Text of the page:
Airbus shared lessons from its full-scale emergency evacuation demonstration on the A380-800 — many applicable to cabin crews of any airliner — during the International Aircraft Cabin Safety Symposium in Montreal in February 2008. Videos of the evacuation, as recorded by overhead interior cameras, revealed more clues to how the two pursers and 16 flight attendants in March 2006 evacuated 873 people in 78 seconds via three upper-deck slides and five lower-deck slides in Hamburg, Germany (ASW, 1/07, p. 46). This cabin crew was drawn from a pool of 42 Lufthansa line crewmembers selected under regulatory criteria to represent an average cabin crew in age, training, experience and other attributes.
“The behavior and assertiveness of the cabin crew had a great impact on the speed with which they managed and directed the passengers and the exits,” said Carmen Jacobs, cabin crew training policy manager, Airbus Training and Flight Operations Support and Services. The successful evacuation in less than 90 seconds “came about with the crowd-control techniques, our attitude and our different approach as instructors towards the cabin crew we were training,” she said. “The crowd-control techniques can be used for any type aircraft.”
The A380 is equipped only with Type A exit doors, with the eight pairs designated forward to aft on the main deck as M1, M2, M3 (overwing), M4 and M5, and on the upper deck as U1, U2 and U3. Type-specific challenges included inherent difficulty working with the highest-density cabin seating layout; overcoming the lack of a direct view while attracting passengers to an exit; communicating as a crew in large crowded spaces; and stopping any upper-deck passengers from descending the stairs to use the same door where they boarded.
Training on a subset of the type-specific curriculum comprised 14 hours, half theory/half practice, over three days, plus a half-day visit to the demonstration aircraft. “During the aircraft visit, trainees were all told to look around, try out every cabin crew station and stand in every assist space,” Jacobs said. “They had to check what they could see and with whom they could communicate.”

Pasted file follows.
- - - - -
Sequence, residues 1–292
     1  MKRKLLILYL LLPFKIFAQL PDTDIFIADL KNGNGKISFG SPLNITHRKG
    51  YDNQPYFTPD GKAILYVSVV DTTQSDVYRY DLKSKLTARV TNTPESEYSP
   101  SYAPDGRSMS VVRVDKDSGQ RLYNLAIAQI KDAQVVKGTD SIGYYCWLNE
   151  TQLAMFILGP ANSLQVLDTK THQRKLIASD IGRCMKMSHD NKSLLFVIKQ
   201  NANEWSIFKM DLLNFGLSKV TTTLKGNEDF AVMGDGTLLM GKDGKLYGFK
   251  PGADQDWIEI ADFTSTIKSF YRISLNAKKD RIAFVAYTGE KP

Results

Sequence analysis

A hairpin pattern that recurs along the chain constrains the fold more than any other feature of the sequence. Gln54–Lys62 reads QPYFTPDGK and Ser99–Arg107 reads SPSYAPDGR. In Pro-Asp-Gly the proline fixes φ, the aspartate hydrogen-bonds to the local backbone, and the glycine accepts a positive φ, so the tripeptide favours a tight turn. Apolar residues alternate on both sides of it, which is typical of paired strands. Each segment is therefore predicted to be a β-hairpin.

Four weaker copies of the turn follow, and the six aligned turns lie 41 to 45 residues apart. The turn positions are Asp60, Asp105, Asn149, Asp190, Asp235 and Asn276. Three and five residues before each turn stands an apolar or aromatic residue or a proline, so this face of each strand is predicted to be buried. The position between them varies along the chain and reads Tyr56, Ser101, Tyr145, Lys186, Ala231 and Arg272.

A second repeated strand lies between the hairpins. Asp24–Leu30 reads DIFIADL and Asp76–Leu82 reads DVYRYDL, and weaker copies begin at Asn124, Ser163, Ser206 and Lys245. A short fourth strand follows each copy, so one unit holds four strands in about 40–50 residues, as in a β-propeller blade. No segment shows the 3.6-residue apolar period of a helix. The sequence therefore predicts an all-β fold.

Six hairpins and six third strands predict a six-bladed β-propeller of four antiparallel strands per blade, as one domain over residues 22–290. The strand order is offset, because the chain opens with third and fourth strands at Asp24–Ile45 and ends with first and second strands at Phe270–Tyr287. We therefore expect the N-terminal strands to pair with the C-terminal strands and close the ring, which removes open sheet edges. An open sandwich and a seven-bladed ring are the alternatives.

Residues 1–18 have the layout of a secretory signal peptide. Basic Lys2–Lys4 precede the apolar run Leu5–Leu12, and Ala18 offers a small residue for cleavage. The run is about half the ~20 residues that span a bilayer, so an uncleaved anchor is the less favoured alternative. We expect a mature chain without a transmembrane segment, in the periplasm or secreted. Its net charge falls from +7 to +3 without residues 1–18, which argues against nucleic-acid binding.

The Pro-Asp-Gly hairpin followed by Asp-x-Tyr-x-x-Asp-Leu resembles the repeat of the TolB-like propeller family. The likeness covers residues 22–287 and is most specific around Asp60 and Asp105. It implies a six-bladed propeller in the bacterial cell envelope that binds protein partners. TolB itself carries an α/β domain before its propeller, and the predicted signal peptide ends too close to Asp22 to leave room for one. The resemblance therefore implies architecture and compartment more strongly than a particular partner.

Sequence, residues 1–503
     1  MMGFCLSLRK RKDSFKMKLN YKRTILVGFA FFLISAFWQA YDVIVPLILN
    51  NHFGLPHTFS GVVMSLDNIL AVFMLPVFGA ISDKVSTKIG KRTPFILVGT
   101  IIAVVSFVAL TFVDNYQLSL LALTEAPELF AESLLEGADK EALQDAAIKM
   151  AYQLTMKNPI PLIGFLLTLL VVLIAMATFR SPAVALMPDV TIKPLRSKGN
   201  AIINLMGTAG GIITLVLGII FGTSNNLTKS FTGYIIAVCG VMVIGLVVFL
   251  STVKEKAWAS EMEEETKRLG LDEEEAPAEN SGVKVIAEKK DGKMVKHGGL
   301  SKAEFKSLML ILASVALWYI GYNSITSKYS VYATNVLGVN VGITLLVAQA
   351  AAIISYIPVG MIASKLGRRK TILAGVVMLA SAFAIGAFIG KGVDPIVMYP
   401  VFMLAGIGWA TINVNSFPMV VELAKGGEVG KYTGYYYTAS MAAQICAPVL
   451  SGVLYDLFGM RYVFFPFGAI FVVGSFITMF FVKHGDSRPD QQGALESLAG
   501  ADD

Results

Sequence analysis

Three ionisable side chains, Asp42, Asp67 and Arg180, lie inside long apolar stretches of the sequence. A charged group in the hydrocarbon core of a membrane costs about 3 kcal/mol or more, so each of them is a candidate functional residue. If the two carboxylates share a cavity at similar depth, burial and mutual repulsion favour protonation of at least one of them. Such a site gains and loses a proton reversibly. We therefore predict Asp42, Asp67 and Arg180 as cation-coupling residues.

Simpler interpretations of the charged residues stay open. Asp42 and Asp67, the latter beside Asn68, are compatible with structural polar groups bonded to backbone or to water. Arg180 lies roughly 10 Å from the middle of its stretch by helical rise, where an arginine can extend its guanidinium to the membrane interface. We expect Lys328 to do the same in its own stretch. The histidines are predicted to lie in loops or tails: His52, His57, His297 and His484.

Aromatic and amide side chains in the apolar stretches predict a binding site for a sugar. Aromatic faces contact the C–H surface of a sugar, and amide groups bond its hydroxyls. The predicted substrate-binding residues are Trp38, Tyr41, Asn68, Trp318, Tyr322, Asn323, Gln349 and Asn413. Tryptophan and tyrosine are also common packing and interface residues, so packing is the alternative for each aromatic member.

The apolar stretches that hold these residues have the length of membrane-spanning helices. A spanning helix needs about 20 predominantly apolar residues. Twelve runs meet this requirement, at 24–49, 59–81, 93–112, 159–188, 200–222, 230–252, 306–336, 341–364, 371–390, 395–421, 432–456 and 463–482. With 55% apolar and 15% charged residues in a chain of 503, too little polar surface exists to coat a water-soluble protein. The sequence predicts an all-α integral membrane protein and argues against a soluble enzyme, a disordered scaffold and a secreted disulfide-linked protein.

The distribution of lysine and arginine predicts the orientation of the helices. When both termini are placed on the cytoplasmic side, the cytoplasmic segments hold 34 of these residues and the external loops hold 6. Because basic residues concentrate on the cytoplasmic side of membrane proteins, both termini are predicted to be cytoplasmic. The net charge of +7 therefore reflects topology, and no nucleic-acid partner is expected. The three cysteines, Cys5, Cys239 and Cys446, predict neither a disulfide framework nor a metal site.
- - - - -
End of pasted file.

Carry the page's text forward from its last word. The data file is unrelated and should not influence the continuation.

Jacobs and her colleagues decided at the outset that psychological preparations would be essential — specifically for each flight attendant to be able to continuously manage the situation, be assertive and be direct. Training would prepare them to mentally focus on their crowd-control techniques, not on the crowd. “We had to work with attitude — we had to give the crew confidence in being able to handle a crowd,” she said. “We had to teach them [not] that they can be in control — that they are in control.”
Asserting control then called for specific attention on how to combine conventional commands with delivery techniques that likely would work even for passengers who do not know the language being spoken by the cabin crew. “We started off with teaching them how to shout,” Jacobs said. “Assertive, short, loud and clear commands have no meaning without the correct body language, gestures and facial expressions. There is no point in shouting a command with a big smile on your face — no one will take you seriously. Gestures are as important as commands and should be used in tandem.” The videos show all the flight attendants shouting and gesturing at a high level of intensity, as if expressing extreme anger to all the passengers.
Instructors deliberately spent time building trust and friendship during breaks/lunches, mixing humor and frequent reminders that each flight attendant is in control with personal challenges to perform at their best. “We worked with their individuality … their personalities and skills,” Jacobs said. “They all encouraged one another to practice being able to do things simultaneously and to increase the speed of their actions.”
One counterintuitive difference for the flight attendants, all accustomed to other aircraft types, was the A380’s overwing slide. “[It] has a very large platform, so we taught them how to ‘sequence’ … to limit the number of passengers evacuating to keep a constant flow at this exit,” she said. “That is not a very natural instinct for cabin crew … we all are trained not to stop passengers unless there is something wrong and the slide is out of use.”
In the classroom, the cabin crewmembers studied how the main deck evacuation flow rate might become slower at M2/M4 doors, expected to be high-density areas because they are in front of and behind the overwing slides, respectively. Flight attendants knew they would have to respond immediately in this case by redirecting passengers to bypass exits that became too crowded and to use the “easy dry up” M1 and M5 exits, where evacuation flows likely would be lighter. “On the upper deck, [for another example,] we identified [the U1] forward doors as a high-density area and the aft exits [as] easy dry-up exits [meaning] that we had to evacuate passengers from even the U1 area … through the U2 emergency exits,” Jacobs said. “This is something that everybody can do with whatever aircraft type you fly.”